Today marks FASD, and communities around the world take time to think about spending the nine months of pregnancy free from alcohol.
Fetal alcohol spectrum disorder (FASD) is the leading known preventable cause of learning disability worldwide. Avoiding alcohol during pregnancy and when contemplating pregnancy is the only way to be sure that the baby will not be affected by FASD.
What is FASD?
Fetal alcohol spectrum disorder (FASD) is the term given to a range of permanent and irreversible birth defects caused by maternal drinking during pregnancy. Affected children tend to grow less well, may have physical disabilities and display a variety of learning difficulties and behavioural problems due to damage to the brain and nervous system. These problems are permanent and are irreversible, they cannot be ‘cured’ nor do they fade with time. The everyday life of these children is affected and their independence is limited.
FASD is not well recognised in the Ireland but is thought to affect up to one in a hundred babies born around the world.
What evidence is there that having the occasional drink during pregnancy does any harm at all?
It is true that not all women who drink alcohol during their pregnancy give birth to babies who have been harmed by it. There are too many other factors to predict with certainty what alcohol use, in which pregnancies, will result in harm to the baby. If you want to be sure – the recommendation is to avoid alcohol completely.
Won’t this cause unnecessary alarm?
Research has not established a ‘safe’ level of alcohol intake while pregnant. What is known is that taking a ‘pause’ in alcohol use from conception to delivery will guarantee no alcohol related harm.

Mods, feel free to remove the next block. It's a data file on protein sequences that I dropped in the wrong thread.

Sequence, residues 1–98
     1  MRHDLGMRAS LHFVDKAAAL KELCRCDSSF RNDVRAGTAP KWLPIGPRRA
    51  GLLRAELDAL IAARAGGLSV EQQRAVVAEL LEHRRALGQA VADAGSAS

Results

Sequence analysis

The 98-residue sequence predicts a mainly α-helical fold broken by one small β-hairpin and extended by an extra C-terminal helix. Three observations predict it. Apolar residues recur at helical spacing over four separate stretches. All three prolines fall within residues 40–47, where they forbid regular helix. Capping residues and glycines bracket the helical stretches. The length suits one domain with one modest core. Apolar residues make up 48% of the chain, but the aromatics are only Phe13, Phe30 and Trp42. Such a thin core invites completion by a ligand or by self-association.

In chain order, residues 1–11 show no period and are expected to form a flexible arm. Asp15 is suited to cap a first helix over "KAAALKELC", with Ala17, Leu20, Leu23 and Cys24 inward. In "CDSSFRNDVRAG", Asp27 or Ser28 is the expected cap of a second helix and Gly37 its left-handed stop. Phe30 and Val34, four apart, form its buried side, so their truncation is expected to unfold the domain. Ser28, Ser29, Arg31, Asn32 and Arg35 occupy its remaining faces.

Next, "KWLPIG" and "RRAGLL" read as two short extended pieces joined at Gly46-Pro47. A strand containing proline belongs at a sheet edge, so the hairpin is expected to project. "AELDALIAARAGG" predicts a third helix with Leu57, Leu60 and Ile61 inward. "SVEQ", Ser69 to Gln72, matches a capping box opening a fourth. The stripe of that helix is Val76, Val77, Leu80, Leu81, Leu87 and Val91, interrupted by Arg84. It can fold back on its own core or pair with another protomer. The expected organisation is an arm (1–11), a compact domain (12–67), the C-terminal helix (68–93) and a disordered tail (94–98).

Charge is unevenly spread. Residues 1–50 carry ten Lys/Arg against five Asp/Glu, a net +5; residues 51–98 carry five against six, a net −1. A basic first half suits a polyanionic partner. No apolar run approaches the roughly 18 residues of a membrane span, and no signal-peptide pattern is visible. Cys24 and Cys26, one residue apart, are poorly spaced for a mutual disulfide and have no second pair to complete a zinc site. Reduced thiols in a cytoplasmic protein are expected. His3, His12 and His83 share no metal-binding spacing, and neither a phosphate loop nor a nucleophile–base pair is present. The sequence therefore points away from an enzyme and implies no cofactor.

Isn’t it true that the critical time is during the first 3 months of pregnancy? Is it okay to drink after that?
Binge drinking during the first 3 months of pregnancy is thought to be particularly harmful; this is the time when facial features and body organs are developing. However, the baby’s brain develops throughout pregnancy so drinking alcohol at any time (not necessarily binge drinking) could cause damage.
“During pregnancy: no alcohol – no risk”
The following are the key messages:
• FASD is preventable.
• If you want to be sure that your baby is protected from FASD, avoid alcohol for the duration of your pregnancy.
• There is no known safe amount of alcohol to drink while pregnant. The Chief Medical Officer for Scotland, Sir Harry Burns, gives the clear message that ‘during pregnancy or when trying to conceive, no alcohol means no risk of FASD’.
• Everyone has a role to play in supporting pregnant women to avoid alcohol.
FASD is expensive to diagnose and manage. Affected individuals are unlikely to attain their full potential and will require additional services to help them with everyday life.
If you are concerned about your drinking, or the drinking of someone close to you, please contact your GP, midwife, health professional or local addiction service provider
Please click on the following link to view ‘Alcohol & Pregnancy A Pocket Guide http://www.hse.ie/eng/services/news/Alcohol_and_Pregnancy_Guide.pdf